Tuesday, February 17, 2015

Cap'n Howdy's Best of 2014: Only Lovers Left Alive

 It's a relief to be able to think of Jim Jarmusch fondly again. As unfair as it is to judge a director I like harshly by one movie, I couldn't get the bitter taste of Limits of Control out of my mouth for a long time, and it inexplicably tainted his earlier films, many of which I really enjoy. For five years, it lingered, festering and rotting, annoying me with an "art-y for its own sake" construction, and I suddenly didn't feel like watching Ghost Dog or Down by Law. There's no "there" there in Limits of Control - the film is strictly an exercise of the director drawing attention to how clever his ideas are, with no characters or narrative to draw from. A lack of narrative isn't especially new for Jarmusch - in fact, it's usually a selling point. But lack of characters? Can you imagine Dead Man without the oddball supporting cast to balance out Johnny Depp? Coffee and Cigarettes at all?

 Thankfully, five years later, Jim Jarmusch returns to characters, and from a most unlikely (for him) literary source: vampires. But I wasn't worried. I can't explain why, but despite the fact that we've been seeing watered down bloodsuckers for the last half decade (or more), something about the idea of Jarmusch and vampires felt right. It was a gamble that paid off, because Only Lovers Left Alive is easily his best film since Ghost Dog and completely wipes Limits of Control off the ledger. Everything that fans have come to expect from Jarmusch is in there: the aimless story, the location as musical backdrop, the off-kilter humor, and most importantly, memorable characters.

 When we meet Eve (Tilda Swinton) and Adam (Tom Hiddleston), we don't know anything about them other than they abide messy abodes. The camera hovers above them, spinning like a 45 as Jarmusch makes his way to their faces, the soundtrack booming. If you haven't seen the trailer, I suppose there's a good chance you wouldn't know they were vampires, at least until Eve leaves her apartment in Tangier to visit a night café. She's waiting patiently for an old friend (John Hurt), and when she says his name, Christopher Marlowe, I guess the jig is up for people going in blind. Yes, that would be "the" Christopher Marlowe, and yes, he's a vampire. He has a nice supply of "the good stuff" that he's happy to share with Eve, but please don't say his name out loud.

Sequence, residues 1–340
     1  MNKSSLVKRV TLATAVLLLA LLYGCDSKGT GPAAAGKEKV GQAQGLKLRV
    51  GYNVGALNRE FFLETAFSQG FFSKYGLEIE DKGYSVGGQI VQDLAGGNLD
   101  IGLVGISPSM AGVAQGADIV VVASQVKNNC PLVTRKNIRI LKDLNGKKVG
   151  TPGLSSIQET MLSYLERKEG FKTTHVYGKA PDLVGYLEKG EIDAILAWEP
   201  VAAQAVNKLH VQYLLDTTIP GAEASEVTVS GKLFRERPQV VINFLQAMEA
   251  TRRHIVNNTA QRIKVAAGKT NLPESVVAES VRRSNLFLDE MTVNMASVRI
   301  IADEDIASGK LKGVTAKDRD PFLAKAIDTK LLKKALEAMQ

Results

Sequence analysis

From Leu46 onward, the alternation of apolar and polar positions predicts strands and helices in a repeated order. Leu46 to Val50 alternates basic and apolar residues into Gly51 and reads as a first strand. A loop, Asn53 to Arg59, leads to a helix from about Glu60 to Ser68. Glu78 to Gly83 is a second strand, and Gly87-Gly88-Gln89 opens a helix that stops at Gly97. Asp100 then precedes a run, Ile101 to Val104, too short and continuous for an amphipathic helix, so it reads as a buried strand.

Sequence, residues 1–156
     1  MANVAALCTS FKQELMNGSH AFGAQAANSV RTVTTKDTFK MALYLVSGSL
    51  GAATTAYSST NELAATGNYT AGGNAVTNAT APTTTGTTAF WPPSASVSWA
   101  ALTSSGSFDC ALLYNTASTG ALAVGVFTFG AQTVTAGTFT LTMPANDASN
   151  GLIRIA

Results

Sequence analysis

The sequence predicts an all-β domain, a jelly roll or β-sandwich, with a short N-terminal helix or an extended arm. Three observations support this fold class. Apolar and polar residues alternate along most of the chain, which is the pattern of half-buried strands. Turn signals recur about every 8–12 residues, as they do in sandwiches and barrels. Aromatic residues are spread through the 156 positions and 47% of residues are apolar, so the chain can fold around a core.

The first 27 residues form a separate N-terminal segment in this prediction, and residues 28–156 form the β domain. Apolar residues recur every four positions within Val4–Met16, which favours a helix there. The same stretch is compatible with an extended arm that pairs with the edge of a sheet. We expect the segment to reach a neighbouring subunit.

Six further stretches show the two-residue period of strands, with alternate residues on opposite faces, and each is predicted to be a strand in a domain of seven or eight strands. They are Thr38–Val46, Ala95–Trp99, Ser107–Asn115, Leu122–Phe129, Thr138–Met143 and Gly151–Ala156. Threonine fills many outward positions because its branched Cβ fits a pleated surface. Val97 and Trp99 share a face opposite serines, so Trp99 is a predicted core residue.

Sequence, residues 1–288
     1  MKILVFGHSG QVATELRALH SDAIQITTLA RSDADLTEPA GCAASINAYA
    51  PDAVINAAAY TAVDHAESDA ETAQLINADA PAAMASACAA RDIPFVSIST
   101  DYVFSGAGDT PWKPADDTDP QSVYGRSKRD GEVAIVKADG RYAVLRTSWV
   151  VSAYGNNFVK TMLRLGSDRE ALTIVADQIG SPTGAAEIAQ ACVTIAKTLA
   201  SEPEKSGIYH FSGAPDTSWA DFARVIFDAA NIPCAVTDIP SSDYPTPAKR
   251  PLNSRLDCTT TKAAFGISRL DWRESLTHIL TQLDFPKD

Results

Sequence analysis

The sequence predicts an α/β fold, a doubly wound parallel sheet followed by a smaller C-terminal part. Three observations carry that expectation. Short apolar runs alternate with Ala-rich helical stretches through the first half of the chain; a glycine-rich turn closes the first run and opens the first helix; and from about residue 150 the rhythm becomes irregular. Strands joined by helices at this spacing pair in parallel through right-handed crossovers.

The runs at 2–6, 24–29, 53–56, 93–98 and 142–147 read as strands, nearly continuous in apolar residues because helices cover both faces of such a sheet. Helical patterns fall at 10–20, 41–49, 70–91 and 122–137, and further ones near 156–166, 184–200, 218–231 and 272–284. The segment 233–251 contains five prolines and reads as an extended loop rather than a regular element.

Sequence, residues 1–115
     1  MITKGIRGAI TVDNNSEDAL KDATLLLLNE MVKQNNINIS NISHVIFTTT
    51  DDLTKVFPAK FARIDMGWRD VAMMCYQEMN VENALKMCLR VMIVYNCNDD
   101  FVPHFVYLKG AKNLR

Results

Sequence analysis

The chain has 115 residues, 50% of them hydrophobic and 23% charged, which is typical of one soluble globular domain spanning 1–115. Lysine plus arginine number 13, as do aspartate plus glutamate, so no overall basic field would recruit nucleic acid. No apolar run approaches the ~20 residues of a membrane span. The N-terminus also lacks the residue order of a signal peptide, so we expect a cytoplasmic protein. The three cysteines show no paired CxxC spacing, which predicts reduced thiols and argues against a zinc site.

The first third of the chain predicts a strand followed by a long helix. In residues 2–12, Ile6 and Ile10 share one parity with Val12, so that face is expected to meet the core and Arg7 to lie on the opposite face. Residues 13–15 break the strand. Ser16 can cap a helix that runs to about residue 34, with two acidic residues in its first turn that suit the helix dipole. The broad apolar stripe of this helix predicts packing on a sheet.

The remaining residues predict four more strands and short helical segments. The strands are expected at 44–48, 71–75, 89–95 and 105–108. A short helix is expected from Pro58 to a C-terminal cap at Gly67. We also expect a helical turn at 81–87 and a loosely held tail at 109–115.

Just writing this, I feel like I'm making Only Lovers Left Alive out to be a very obvious and stupid sounding movie, which it isn't. Jarmusch doesn't play coy about Adam and Eve* - they are vampires, they are old, and there's a lot of unspoken history between them. Taken out of the context of the movie, I could understand how it might sound clever in a bad way, but it's presented so matter-of-factly in the story that it's hard not to take in stride. Eve is so easygoing, and Adam so morose, that you worry they're just going to be "types," but then Jarmusch brings them together and Only Lovers Left Alive shifts into a love story.

 Marlowe asks Eve why she and Adam don't live together if they've been married as long as they have been, but it seems pretty clear when she leaves Tangier to visit him in the U.S. that they have a long history together. They can be together and apart, and Jarmusch doesn't give any explicit reason why they're comfortable half a world away. There's no tragedy or disagreement hanging over the narrative - it just is, and you accept it the same way you do the conceit that they're vampires. Like many Jarmusch films, the why is less important. It gets in the way of what is.

 As he has in the past, Jarmusch sets Only Lovers Left Alive in a city known for its musical history. In this instance, it's Detroit, where Adam sets up shop in an abandoned part of town (the city's current financial calamity is another critical part of the story) and makes music in anonymity. At least, relative anonymity. He has Ian (Anton Yelchin) bring him recording equipment, instruments and, in one special request, a bullet made of wood. That doesn't amount to much more than a MacGuffin, but it's behind what brings Eve back to Adam. He's sick of the "zombies" (what vampires call humans) and is irritated that his music is finding an audience, despite his efforts to mask his identity. She brings him solace, and when the two of them come together, their facades crumble at bit. It turns out that Adam is also something of an amateur scientist and mechanic, who sets up his own sustainable energy for the house and who tinkers with old equipment. During a Skype (?) chat, he transfers the laptop signal to an old television. It's something he enjoys doing.